The German automobile manufacturers are locked in a fierce battle which has seen Mercedes outsell BMW in every quarter this year.
BMW’s days as the most successful seller of luxury cars could be about to come to an end with Mercedes-Benz on track to take the title.
The German automobile giants have been locked in a tight battle for the top spot for years, but it looks like Mercedes is poised to take this year’s title. Mercedes has outsold BMW every quarter in 2016, with its E-Class and C-Class sedans ranking as its top-selling vehicles.
For the past ten years, BMW has shifted more luxury cars than any other manufacturer. In 2016, however, Mercedes has sold 1.54 million cars, putting it just ahead of BMW which sold 1.48 million cars in the same period. BMW hasn’t hardly been sleeping on the job though – September sales of 237,937 were a 10 percent increase on last year’s figures and 2016’s total sales are the best the company has ever seen.
Mercedes will be hoping to secure this year’s top spot and retain it in 2017 with the release of one of their smartest cars yet – the 2017 E-Class. The semi-autonomous luxury car comes complete with Drive Pilot, Mercedes’ most advanced intelligent driving system yet.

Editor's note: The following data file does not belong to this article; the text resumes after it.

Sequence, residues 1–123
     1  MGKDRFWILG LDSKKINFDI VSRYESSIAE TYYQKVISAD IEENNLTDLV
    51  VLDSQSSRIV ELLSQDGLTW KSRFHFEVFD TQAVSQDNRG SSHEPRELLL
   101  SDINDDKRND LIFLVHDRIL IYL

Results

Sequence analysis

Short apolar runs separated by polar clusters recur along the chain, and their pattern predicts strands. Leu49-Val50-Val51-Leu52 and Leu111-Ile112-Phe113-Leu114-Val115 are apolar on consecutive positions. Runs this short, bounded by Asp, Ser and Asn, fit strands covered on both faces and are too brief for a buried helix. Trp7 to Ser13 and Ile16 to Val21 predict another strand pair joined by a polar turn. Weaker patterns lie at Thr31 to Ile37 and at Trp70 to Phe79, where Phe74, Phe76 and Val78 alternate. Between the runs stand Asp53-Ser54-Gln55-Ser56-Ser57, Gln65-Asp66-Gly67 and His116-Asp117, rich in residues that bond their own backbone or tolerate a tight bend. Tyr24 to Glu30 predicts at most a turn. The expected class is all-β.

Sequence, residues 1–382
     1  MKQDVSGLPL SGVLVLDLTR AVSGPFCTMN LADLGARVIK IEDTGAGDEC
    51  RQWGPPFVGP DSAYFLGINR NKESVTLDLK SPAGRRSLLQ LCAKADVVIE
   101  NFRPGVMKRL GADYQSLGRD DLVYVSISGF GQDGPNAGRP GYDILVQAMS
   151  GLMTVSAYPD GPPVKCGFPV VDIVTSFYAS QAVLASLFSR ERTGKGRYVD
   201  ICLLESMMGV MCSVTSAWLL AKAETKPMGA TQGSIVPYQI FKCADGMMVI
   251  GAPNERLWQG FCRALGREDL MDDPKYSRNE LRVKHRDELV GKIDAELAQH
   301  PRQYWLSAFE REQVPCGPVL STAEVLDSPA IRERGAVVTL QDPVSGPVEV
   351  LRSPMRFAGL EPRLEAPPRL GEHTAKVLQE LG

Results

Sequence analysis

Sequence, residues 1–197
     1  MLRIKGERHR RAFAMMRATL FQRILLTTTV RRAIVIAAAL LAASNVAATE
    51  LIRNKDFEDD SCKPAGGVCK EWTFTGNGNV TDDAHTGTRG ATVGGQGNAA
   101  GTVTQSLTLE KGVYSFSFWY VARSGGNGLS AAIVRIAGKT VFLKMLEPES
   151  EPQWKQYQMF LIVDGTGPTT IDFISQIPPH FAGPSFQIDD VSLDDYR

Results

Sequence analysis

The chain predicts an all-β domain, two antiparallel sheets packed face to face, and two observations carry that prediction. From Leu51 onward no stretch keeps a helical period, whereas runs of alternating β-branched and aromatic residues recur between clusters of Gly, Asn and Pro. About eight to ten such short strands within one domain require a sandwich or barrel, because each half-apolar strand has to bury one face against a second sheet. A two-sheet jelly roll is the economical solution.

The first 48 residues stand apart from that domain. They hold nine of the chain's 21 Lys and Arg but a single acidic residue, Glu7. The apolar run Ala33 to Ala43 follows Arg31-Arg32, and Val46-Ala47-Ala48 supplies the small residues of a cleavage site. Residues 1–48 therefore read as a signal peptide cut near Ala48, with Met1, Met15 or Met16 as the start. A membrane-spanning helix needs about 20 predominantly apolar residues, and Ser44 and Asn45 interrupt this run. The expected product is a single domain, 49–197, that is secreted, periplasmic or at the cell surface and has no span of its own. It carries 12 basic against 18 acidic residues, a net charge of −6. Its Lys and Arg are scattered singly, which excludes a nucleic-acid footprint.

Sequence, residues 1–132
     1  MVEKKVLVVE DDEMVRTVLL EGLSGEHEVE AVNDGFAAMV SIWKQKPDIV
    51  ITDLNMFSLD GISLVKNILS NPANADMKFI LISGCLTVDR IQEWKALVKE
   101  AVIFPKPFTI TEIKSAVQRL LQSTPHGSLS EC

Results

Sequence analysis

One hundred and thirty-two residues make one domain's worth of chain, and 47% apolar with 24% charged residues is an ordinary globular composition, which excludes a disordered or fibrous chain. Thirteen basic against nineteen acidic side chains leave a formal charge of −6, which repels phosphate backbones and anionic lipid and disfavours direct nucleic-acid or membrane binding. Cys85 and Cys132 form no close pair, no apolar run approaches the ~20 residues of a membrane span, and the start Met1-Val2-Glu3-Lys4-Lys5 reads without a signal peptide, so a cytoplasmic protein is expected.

The E-Class’ Distant Pilot Distronic is a souped-up cruise control that follows the car in front at speeds of up to 130mph. Assistive breaking will pull the car back into the correct lane if it’s in danger of drifting off-course, while onboard detectors scan traffic at intersections and apply the breaks if something crosses the path of the Mercedes. While a long way from full autonomy, these Level Two autonomous features are similar to those included in Tesla’s Model S and X vehicles.
Mercedes also teased its F0154 Luxury in Motion concept car, a fully-autonomous, hydrogen-electric hybrid at the Consumer Electronics Show in 2015. While the company has no plans to start production on the car, the futuristic vehicle gives a glimpse into the kind of vehicles that Mercedes may be producing in 2030 and beyond.
Not to be outdone, the 2017 BMW 5-series has been kitted out with Evasion Aid. If the vehicle in front slams on the breaks, the 5-Series will swiftly change lanes to avoid rear-ending the driver in front. The steering wheel also vibrates to indicate that changing lanes is unsafe if the car detects other vehicles that pose a collision risk.
Elsewhere, the 5-Series’ software includes Amazon’s electronic assistent, Alexa, letting drivers play songs and use apps via voice control.
Earlier this month, BMW and Toyota both invested in autonomous driving startup Nauto. The Silicon Valley-based company combines on-vehicle cameras with artificial intelligence to learn and predict how people drive. In April 2016, the company secured $12 million (£9.8 million) in Series A funding.